The pros and cons of hybrid working

Legal expert Clive Rich examines the advantages, disadvantages and even the risks of agreeing to allow employees to work from home a handful of days per week.

The Chartered Institute of Personnel and Development (CIPD) have said that over 75% of employers are now offering hybrid working. Hybrid working allows employees to work partly from home and partly in the office. It is currently a favoured method of working, having grown in popularity during the pandemic.

Some employers are analysing the advantages that hybrid working can bring but many don’t understand the significance of this employment model from a legal perspective. To help you decide on what to do regarding hybrid working, we have set out what the advantages are, as well as the legal considerations your business should make before implementing it.

Advantages of hybrid working

If you are running a business which does not rely on regular face-to-face contact, then there are many advantages to hybrid working. These include:

Cost savings

By reducing the physical size of your office space, you can save money on ground rent;

If you own or rent a building you can reduce costs on electricity and other utilities;

You may require less equipment;

There will be a decrease in sundry expenses on items such as tea, coffee, milk, pens, paper etc.

Improved employee wellbeing

Employees who can work remotely from home, for a handful of days each week, will feel less stressed and enjoy a better work-life balance;

Hybrid working allows employees to arrange their lifestyle around their employment hours;

They will spend less time commuting, thus saving money on travel costs, while also creating more free time to spend with family and friends.

Increased efficiency

The office can be a distracting environment, so hybrid working allows employees more time to focus on their work duties;

By knowing which days your employees are travelling to the office, this will help you to plan face-to-face activities such as meetings, brainstorming sessions and team building.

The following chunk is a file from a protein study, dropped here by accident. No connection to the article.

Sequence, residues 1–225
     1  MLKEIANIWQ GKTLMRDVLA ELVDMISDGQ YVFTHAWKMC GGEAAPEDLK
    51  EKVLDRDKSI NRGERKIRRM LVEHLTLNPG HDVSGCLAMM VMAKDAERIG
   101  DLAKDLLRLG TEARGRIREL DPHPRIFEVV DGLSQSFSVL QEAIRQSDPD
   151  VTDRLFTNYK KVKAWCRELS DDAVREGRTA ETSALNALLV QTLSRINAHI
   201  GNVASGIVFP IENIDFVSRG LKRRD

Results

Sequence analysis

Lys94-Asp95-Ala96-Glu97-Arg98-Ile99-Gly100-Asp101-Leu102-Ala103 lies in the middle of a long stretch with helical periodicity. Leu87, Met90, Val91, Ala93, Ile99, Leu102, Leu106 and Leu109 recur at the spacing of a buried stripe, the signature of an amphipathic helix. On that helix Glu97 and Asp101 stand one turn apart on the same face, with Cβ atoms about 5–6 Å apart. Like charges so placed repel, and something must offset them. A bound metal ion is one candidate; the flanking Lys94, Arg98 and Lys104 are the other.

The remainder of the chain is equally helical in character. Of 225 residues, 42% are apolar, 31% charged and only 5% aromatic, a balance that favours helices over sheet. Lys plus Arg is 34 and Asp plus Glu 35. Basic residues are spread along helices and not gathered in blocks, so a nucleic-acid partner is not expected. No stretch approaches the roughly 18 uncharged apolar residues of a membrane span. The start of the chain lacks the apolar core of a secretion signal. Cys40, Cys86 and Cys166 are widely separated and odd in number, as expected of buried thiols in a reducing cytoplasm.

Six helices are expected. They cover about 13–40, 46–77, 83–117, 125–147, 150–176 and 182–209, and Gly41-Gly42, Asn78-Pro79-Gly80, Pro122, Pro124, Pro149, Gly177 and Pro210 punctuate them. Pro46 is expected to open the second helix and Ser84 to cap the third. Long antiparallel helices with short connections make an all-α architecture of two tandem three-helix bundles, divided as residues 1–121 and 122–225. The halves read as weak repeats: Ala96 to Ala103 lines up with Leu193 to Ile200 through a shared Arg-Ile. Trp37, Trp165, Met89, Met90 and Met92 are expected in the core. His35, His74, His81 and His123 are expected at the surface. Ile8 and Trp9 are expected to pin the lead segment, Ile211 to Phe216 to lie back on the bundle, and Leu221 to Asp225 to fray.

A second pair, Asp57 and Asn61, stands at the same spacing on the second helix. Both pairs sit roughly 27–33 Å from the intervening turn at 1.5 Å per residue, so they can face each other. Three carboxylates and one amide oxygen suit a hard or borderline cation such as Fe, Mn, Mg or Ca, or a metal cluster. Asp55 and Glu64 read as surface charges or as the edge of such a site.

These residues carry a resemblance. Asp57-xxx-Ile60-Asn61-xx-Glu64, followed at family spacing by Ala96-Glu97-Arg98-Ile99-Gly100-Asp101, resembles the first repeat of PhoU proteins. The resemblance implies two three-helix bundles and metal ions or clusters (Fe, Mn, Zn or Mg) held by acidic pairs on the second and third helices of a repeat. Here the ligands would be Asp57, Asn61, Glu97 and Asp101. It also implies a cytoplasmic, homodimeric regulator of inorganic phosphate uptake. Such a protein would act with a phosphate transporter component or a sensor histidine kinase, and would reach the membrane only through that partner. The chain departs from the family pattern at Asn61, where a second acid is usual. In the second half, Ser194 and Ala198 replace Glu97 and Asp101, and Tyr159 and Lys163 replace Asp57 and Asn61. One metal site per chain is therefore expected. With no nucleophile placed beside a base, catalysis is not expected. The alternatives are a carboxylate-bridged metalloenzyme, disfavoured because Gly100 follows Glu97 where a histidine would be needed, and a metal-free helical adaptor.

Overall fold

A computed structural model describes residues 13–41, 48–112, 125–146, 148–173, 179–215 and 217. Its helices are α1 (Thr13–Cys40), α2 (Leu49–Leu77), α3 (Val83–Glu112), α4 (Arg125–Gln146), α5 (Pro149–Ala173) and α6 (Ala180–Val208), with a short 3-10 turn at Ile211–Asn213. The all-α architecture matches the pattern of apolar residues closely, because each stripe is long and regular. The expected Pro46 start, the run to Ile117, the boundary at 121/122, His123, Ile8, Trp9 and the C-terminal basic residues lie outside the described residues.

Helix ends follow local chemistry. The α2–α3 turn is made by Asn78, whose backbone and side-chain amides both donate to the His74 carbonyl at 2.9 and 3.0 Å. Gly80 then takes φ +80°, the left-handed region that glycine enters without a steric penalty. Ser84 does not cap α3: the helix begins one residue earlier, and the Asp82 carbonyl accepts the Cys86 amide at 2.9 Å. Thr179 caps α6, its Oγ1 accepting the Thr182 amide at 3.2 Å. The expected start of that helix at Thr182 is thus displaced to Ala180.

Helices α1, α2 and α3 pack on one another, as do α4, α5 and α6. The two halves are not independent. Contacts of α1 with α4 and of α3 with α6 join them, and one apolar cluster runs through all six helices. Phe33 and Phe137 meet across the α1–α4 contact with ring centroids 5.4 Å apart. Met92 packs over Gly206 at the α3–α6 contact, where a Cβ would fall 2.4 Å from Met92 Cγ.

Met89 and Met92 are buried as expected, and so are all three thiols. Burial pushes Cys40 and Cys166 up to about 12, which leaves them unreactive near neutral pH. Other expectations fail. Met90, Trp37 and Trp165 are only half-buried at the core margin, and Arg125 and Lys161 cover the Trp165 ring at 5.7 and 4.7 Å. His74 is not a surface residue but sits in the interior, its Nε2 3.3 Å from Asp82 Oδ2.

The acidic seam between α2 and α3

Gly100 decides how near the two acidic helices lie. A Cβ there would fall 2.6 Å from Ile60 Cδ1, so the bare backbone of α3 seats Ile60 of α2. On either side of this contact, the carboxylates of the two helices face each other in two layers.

Wider talent pool

Not having your employees in the office five days a week allows you to recruit talent from further afield;

This is because commuting longer distances is more desirable if it’s only required two days a week or perhaps nine days a month.

Legal considerations of hybrid working

There are, however, legal considerations, which must be addressed before implementing any hybrid model. These are:

Confidential information, data protection and intellectual property: Employees must be aware how confidential information should be treated when working from home. Therefore, review your confidential information, data protection and intellectual property clauses.

Equipment: Consider which items of equipment your employees will require to work efficiently from home. Establish a protocol for collecting equipment when an employee leaves the company.

Health and safety: Organise risk assessments for homeworkers and plan how these will be monitored. LawBite provides expert guidance on health and safety for those working from home.

Work hours and breaks: You should distribute the Government’s Working Time Regulations (1999) among employees to ensure they know when to take breaks and book holidays.

Reasonable adjustments: You may need to make reasonable adjustments for any employee with a disability, as covered by the Equality Act (2010). You must consider anyone who falls under the protection of this Act.

Note: There may also be some employees who do not want to work from home, perhaps because of personal circumstances. You should always consider hybrid working on an employee-by-employee basis and assess the best options for each individual.

What needs to be included in your hybrid working regulations?

If you do not already have one, your company should introduce a hybrid working model. This will cover details such as:

– How many days each week your employees should be in the office and how many days can be worked from home?

– What are the expected hours they must work, plus any other rules?

– How will you ensure that health and safety procedures are followed?

– What to do in circumstances when hybrid working is not being carried out efficiently?

– How will you plan to monitor employees’ wellbeing?

– How will you ensure consistency within your company? Everyone must know what others are doing, even if they rarely see their work colleagues face-to-face.

– Who should your employees contact to discuss any concerns?

– Is additional training required before allowing employees to work from home?

– Will homeworking affect expenses?

Remember, hybrid working is not possible for every company or each individual employee. Therefore, test the model by using clearly-defined rules and timelines before committing to any change in employment policy.

Make certain that your employees understand that you may need to change hybrid working arrangements, and therefore you will advise them when necessary, while also explaining the reasons for any changes. Any hybrid working model will evolve with time.

Clive Rich
Clive Rich

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